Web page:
In yesterday’s 14-6 loss to the Braves, David Wright officially tied Darryl Strawberry on the all-time Mets RBI list with 733. It took Wright only five more games to get to this figure.
The man Wright is passing is one who helped to change Mets baseball forever. He changed the way people looked at the Mets and proved himself to be one of the greatest Mets of all time. Darryl came into his own in late in the 1983 season, ending the year with 26 home runs, 76 RBI and a .257 batting average, winning the Rookie of the Year Award. Darryl went on to have seven more fantastic seasons with the orange and blue, including a stellar 1986 season, helping to lead the Mets to a world championship.
Darryl also proved to be clutch at such a young age. In game 7 of the 1986 World Series, Darryl hit a solo shot in the eighth, essentially sealing the deal for the Mets. He was the figurehead of the 1980s teams and the face of the franchise.
David Wright came up at the tender age of 21 in the 2004 season, near the end of the reign of another New York legend- Mike Piazza. Mike’s professionalism made him a great person for kids to look up to. Not only was he a great player on the field- hitting 30 or more home runs in four straight seasons- but he was also known for his leadership. He led the Mets in the difficult days after 9/11, hitting his most famous home run- an eighth inning shot in the first game back that lifted the spirits of New Yorkers and people all around the country.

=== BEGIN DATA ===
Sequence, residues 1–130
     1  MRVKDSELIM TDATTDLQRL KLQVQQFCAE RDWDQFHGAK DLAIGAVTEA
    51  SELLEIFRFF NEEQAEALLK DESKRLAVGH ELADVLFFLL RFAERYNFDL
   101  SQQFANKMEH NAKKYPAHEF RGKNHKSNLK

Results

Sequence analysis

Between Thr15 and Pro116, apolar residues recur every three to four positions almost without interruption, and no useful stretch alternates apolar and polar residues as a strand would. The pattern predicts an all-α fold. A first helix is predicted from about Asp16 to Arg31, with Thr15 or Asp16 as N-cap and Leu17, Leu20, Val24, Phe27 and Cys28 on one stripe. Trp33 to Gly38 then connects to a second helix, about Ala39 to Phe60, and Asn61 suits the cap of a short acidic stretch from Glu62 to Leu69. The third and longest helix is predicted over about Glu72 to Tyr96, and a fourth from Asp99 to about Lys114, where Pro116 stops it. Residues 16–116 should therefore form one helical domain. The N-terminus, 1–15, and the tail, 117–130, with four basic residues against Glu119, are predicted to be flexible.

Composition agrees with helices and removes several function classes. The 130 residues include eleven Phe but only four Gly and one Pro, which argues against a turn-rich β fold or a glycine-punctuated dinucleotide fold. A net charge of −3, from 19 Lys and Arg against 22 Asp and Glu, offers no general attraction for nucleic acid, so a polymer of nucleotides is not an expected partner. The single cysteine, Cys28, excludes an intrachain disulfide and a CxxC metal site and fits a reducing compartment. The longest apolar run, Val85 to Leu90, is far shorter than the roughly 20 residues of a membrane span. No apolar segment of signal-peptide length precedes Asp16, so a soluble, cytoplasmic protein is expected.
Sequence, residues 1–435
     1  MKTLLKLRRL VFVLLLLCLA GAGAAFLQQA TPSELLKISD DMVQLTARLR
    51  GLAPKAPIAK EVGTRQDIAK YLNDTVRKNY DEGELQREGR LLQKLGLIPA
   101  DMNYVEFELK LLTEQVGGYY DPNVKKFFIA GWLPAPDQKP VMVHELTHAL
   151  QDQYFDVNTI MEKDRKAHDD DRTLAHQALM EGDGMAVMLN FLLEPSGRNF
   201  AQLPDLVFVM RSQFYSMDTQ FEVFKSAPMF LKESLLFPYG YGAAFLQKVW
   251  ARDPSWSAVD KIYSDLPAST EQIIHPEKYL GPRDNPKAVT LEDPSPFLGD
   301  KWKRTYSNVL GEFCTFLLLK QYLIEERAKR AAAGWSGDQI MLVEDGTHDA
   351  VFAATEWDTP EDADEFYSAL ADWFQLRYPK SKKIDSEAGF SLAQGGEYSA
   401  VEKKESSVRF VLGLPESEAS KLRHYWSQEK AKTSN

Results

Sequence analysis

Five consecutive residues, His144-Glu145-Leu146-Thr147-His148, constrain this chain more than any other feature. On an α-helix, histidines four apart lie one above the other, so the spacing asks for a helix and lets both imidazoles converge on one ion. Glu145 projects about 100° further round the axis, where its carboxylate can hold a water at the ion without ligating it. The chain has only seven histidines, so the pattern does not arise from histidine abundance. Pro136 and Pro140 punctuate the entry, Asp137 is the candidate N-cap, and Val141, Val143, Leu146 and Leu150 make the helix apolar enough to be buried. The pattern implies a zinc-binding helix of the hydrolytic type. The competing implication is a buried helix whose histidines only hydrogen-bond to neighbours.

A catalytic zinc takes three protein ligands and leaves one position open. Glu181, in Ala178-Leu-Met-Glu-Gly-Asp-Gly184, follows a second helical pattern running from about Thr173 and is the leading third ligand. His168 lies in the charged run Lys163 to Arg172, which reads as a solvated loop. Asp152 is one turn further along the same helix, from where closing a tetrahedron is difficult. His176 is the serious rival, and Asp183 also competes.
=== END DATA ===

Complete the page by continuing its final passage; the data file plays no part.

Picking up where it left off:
At just 29 years of age, Wright’s name already belongs up with these two greats. He had five straight .300 seasons from 2005-2009, something no Met has ever done. He is looking very impressive this season, striking out far less than before. It seems possible that his multi-year “slump” may be coming to an end.
But what has been more impressive than any statistic has been the heart and soul David has invested in this team. He has always been a team-first guy without question. He goes out there every night, and leaves it all out on the field. He fights through injuries and always has the team in mind with whatever he does. He’s not a headache. He is not a troublemaker. He is the rare combination of skills and attitude that fans coaches, and scouts are always seeking. His passion for the city and the franchise is admirable.
In the coming months, the Mets have to extend David Wright. It would be a shame to let him walk.